Apple shocks industry analysts by introducing iPhone 7 that doesn’t suck

Graphic by Mike LeMieux
Graphic by Mike LeMieux


Most rumours about the phone were just a big joke, CEO says

By Jake Wray, Senior Columnist

Journalists, software developers, and tech analysts gathered on the morning of September 7 at the Bill Graham Civic Auditorium in San Francisco for what they thought would be the standard Apple Inc. fall press event announcing the latest iPhone. Instead, they witnessed a profound speech that plotted an entirely new course for Apple.

“It’s time to cut the bullshit,” said Jim Took, Apple’s CEO, as he took the stage.

“Apple has become obsessed with the pursuit of revenue, to the detriment of our products. We continue to charge premium prices for the iPhone, but we focus our development on crummy gimmicks like Apple Pay and Siri.”

“If I’m being totally honest, I was blind to our mistakes until one weekend last October, when I took a liberal dose of mushrooms out in the desert. It was wild, man. I was able to reflect upon myself, and the company I run, from a totally new perspective. I realized that we had heads up our asses in Cupertino. We were totally blind to the experiences of everyday iPhone users.”

“All the rumours you’ve heard over the past year about the iPhone 7 have been completely false. There won’t be a big ugly dual-camera, and we were just kidding around with all that nonsense about removing the headphone jack. We have been deliberately spreading misinformation to conceal our true goal: to realize the potential of mobile computing by designing the best possible iPhone. In other words, we stopped letting the marketing team drive our development, and handed the reins back to the engineers,” he said.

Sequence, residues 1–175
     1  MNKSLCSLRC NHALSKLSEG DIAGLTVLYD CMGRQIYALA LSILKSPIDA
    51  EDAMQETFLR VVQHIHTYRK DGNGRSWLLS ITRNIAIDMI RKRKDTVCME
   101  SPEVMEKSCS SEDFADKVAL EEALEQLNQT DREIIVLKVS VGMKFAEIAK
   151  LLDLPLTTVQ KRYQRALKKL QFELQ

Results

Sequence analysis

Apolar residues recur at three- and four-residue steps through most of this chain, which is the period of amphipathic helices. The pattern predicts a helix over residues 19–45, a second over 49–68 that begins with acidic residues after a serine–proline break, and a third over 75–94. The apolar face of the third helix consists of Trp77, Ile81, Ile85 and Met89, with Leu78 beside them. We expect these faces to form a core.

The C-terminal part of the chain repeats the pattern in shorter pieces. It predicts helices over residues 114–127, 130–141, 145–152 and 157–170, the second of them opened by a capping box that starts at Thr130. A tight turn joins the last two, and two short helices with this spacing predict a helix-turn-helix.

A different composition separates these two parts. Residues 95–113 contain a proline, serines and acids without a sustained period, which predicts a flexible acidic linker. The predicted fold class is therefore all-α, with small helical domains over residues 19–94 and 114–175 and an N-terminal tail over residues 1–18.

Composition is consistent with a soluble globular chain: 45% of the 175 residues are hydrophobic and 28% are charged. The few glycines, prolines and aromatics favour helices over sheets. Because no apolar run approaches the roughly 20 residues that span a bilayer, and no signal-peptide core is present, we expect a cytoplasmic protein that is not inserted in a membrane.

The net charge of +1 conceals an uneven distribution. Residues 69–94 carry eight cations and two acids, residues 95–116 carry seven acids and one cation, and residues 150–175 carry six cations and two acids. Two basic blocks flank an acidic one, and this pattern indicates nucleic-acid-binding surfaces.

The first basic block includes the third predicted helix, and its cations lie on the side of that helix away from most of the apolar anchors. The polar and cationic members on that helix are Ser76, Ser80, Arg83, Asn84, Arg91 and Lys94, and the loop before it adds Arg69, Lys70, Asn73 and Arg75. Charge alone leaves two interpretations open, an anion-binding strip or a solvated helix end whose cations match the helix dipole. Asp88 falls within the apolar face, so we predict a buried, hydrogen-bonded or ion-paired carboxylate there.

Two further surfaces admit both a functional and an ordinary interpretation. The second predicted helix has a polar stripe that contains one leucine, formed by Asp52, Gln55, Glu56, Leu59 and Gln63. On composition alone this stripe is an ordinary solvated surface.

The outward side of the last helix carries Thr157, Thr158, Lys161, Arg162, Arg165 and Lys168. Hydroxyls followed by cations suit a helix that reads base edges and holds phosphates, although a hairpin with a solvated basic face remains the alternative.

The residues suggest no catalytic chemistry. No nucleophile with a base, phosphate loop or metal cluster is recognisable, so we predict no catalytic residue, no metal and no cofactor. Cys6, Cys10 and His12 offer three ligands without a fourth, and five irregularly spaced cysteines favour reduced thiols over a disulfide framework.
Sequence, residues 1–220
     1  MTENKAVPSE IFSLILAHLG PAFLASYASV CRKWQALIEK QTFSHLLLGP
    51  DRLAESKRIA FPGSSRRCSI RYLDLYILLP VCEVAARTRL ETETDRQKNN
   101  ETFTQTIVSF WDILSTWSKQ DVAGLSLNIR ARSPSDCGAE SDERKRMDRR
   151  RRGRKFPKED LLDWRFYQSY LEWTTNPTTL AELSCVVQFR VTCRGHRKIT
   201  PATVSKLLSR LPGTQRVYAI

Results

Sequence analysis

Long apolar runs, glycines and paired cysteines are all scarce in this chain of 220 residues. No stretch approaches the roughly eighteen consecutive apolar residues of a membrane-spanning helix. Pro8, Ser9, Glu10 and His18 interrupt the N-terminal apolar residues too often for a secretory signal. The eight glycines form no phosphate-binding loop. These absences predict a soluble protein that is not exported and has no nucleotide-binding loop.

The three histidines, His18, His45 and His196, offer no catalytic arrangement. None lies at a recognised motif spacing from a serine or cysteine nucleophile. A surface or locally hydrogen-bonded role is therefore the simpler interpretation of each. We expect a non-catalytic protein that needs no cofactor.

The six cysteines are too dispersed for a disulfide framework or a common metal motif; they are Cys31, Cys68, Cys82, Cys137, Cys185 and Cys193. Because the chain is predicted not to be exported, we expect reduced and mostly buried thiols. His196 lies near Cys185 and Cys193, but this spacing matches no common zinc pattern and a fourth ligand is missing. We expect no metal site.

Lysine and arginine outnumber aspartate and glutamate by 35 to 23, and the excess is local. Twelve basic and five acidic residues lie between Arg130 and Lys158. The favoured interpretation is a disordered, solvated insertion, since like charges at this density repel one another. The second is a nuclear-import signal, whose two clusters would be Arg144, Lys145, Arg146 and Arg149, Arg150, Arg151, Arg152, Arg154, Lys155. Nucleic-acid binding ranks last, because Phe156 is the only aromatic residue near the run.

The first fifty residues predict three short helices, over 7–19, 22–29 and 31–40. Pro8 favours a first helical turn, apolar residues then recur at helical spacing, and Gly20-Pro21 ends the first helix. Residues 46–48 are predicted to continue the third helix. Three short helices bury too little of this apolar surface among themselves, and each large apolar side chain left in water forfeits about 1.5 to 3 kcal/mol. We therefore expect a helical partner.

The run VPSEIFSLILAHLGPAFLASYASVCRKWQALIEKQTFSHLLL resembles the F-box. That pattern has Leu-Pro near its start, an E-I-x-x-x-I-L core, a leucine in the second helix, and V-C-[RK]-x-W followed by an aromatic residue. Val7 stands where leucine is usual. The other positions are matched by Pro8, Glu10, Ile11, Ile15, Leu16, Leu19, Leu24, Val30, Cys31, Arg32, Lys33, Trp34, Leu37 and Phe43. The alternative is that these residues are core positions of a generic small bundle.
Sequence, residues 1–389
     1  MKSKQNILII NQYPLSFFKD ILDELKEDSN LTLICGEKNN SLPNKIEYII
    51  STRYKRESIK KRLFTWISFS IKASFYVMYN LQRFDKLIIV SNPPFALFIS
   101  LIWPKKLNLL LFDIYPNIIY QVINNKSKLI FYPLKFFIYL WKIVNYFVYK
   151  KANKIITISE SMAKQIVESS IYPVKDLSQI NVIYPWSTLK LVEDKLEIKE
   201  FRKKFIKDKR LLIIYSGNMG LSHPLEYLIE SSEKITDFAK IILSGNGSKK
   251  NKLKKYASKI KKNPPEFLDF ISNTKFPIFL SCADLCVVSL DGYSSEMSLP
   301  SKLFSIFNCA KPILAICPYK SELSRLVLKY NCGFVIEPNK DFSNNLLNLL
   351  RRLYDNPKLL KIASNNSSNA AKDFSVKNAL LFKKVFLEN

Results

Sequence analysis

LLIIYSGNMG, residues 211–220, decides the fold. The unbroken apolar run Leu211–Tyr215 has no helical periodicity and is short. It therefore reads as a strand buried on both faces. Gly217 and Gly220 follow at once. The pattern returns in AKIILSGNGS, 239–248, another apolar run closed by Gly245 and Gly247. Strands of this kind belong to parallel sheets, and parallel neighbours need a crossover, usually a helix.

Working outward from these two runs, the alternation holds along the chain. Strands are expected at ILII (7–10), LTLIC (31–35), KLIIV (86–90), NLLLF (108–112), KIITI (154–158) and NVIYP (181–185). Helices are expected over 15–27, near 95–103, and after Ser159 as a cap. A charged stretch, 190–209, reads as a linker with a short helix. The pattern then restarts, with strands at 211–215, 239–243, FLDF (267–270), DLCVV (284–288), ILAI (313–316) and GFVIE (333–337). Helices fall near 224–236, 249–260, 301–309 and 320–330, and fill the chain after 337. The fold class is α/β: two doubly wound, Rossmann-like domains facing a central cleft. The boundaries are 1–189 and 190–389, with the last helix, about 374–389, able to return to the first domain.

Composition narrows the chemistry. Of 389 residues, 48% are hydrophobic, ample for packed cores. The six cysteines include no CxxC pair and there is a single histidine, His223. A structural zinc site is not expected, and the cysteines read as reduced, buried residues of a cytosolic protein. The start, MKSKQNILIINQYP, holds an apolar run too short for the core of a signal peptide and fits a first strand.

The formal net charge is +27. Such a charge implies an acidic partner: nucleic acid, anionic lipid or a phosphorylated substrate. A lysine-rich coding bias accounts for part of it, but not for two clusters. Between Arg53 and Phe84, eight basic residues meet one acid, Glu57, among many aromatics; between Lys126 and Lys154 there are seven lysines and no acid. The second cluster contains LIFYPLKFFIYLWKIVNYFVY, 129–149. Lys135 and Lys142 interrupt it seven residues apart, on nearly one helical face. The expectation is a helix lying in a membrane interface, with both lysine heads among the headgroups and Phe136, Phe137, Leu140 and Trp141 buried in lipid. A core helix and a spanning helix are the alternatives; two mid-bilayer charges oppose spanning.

“I’m proud to introduce the fastest, the most customizable, and the most ethical iPhone yet. The iPhone 7.”

Typically, when Took finally announces the new phone at these annual events, the audience goes wild with cheers and applause. This year, the auditorium was silent. Hands were clasped over mouths, and asses were on seat edges as Took, along with other Apple executives like Senior VP Geddy Q and Chief Design Officer Tony Stive, unveiled an iPhone that violates many of Apple’s core ideologies.

Physically the iPhone 7 resembles the iPhone 6S, with a similar chassis and 4.7-inch screen (though Apple has ditched the “Plus” model this year). Under the hood, the iPhone 7 is significantly more powerful than the iPhone 6S, featuring a lightning-fast, six-core A10 processor, 8GB of RAM, and 512GB of solid-state storage. For the first time ever, Apple has included a micro-SD slot so users can easily expand storage.

At one point in the presentation, Stive drew gasps by openly admitting that Apple used to practice planned obsolescence.

“But no more,” he said, promising that the iPhone 7 is “built to last, so your battery won’t crap out after, like, a year-and-a-half.”

Also announced were significant changes to the iPhone’s operating system. iOS will now be open-source, allowing anyone to customize the software (a luxury previously available, in a limited form, only to those who could jailbreak their iPhone). iPhones will no longer be locked into running iOS, either. The iPhone 7 allows for installation of any compatible operating system, such as Google’s Android OS or Microsoft’s Windows 10.

In the pandemonium that ensued after the presentation ended, the Other Press talked with several tech analysts among the crowd. Many were skeptical of the radical changes undertaken by Apple.

“This has to be some kind of bizarre prank,” said Tony Callaghan, a Portland-based tech blogger.

“Apple would never, ever, in a million years, release the source code for iOS. I literally cannot believe what I just heard in there.”

Some analysts, like Toronto-based freelance journalist Suleman Greeg, were more optimistic.

“Get the camera up close to my eye so they can see my tears,” he said. “I’m weeping because what Jim Took and Apple have done here is revolutionary. They have thrown consumerism and greed right out the window. This is the start of a new era, in the computing world and in the business world. This is fundamentally a good thing.”